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Ack, speaking of not realizing things, I thought Internet language
specifications were based on ISO 639-1 with an optional country code
(e.g. en-US). Checking RFC 3066, I see this is not the case; xml:lang
can be used for two-letter or three-letter language codes and more:
""
   - All 2-letter subtags are interpreted according to assignments found
     in ISO standard 639, "Code for the representation of names of
     languages" [ISO 639], or assignments subsequently made by the ISO
     639 part 1 maintenance agency or governing standardization bodies.
     (Note: A revision is underway, and is expected to be released as
     ISO 639-1:2000)

   - All 3-letter subtags are interpreted according to assignments found
     in ISO 639 part 2, "Codes for the representation of names of
     languages -- Part 2: Alpha-3 code [ISO 639-2]", or assignments
     subsequently made by the ISO 639 part 2 maintenance agency or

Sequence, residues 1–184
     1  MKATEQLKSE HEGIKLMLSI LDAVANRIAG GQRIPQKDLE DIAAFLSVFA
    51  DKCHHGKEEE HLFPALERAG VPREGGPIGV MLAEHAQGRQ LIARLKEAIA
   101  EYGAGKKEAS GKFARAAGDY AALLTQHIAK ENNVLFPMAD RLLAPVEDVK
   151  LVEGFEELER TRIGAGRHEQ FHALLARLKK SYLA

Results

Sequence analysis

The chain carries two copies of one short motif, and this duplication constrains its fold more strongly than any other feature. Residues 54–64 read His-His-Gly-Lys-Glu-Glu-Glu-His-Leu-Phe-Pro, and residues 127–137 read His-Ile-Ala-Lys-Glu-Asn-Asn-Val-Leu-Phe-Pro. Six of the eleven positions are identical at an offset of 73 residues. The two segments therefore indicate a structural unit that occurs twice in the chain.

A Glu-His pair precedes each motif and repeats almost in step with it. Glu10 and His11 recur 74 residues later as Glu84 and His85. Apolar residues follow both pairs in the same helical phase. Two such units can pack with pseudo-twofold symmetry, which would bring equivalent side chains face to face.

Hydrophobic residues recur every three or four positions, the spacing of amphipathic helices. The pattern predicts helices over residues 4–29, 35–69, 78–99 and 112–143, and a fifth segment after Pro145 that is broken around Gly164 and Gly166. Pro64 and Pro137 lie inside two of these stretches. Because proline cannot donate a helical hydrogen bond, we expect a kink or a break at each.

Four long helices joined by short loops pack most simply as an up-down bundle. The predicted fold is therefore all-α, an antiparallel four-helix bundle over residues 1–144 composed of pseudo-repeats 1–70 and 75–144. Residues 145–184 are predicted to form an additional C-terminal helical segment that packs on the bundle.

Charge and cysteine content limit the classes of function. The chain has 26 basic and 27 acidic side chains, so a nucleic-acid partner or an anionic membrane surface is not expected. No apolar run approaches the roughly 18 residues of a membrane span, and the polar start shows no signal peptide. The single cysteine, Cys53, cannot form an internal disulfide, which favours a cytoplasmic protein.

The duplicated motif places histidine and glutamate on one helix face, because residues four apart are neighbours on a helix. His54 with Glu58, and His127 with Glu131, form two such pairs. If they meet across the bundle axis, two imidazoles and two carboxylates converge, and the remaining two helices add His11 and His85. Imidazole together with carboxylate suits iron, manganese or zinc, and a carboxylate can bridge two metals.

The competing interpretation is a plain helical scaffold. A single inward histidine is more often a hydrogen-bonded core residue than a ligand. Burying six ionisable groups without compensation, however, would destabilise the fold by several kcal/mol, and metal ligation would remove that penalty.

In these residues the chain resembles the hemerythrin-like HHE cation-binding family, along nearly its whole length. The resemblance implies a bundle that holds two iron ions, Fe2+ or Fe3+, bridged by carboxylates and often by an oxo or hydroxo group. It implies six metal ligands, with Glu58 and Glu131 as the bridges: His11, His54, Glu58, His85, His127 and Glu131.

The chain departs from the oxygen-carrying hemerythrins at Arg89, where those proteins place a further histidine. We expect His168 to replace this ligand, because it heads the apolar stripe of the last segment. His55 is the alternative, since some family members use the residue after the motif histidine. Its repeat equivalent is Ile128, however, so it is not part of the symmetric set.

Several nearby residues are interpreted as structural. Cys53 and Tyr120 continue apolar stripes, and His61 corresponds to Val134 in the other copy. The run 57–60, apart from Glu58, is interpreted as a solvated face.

governing standardization bodies.

   - The value "i" is reserved for IANA-defined registrations

   - The value "x" is reserved for private use.  Subtags of "x" shall
     not be registered by the IANA.

   - Other values shall not be assigned except by revision of this
     standard.
""
So I must agree, the MODS lang attribute can go.

--Andy

>>> [log in to unmask] 01/17/05 1:31 PM >>>
On Jan 17, 2005, at 12:46 PM, Andrew E Switala wrote:

> MODS guidelines say the lang attribute's value comes from ISO 639-2
> bibliographic.

I didn't realize this.

> (The former is valid for the xml:lang attribute; why MODS has two
> different language attributes is another matter.)

But an important one. I don't understand this sort of thing.  Why not
just use THE xml standard for language coding, instead of once again
relying on library-specific stuff?

Bruce